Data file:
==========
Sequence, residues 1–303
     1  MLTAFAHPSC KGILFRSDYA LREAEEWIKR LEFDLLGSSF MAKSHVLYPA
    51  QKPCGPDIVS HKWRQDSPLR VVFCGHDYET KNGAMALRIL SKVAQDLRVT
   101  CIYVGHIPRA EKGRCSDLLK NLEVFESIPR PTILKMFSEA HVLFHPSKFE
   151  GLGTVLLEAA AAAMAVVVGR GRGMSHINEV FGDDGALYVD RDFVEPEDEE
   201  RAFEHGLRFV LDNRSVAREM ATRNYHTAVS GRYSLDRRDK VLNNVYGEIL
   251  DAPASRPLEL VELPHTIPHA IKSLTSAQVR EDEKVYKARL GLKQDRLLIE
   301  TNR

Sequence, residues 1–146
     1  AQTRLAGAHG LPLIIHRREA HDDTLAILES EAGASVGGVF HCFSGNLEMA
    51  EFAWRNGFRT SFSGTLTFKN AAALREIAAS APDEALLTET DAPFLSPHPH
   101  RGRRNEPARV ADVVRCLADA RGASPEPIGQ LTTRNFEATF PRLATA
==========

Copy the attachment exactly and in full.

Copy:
Sequence, residues 1–303
     1  MLTAFAHPSC KGILFRSDYA LREAEEWIKR LEFDLLGSSF MAKSHVLYPA
    51  QKPCGPDIVS HKWRQDSPLR VVFCGHDYET KNGAMALRIL SKVAQDLRVT
   101  CIYVGHIPRA EKGRCSDLLK NLEVFESIPR PTILKMFSEA HVLFHPSKFE
   151  GLGTVLLEAA AAAMAVVVGR GRGMSHINEV FGDDGALYVD RDFVEPEDEE
   201  RAFEHGLRFV LDNRSVAREM ATRNYHTAVS GRYSLDRRDK VLNNVYGEIL
   251  DAPASRPLEL VELPHTIPHA IKSLTSAQVR EDEKVYKARL GLKQDRLLIE
   301  TNR

Sequence, residues 1–146
     1  AQTRLAGAHG LPLIIHRREA HDDTLAILES EAGASVGGVF HCFSGNLEMA
    51  EFAWRNGFRT SFSGTLTFKN AAALREIAAS APDEALLTET DAPFLSPHPH
   101  RGRRNEPARV ADVVRCLADA RGASPEPIGQ LTTRNFEATF PRLATA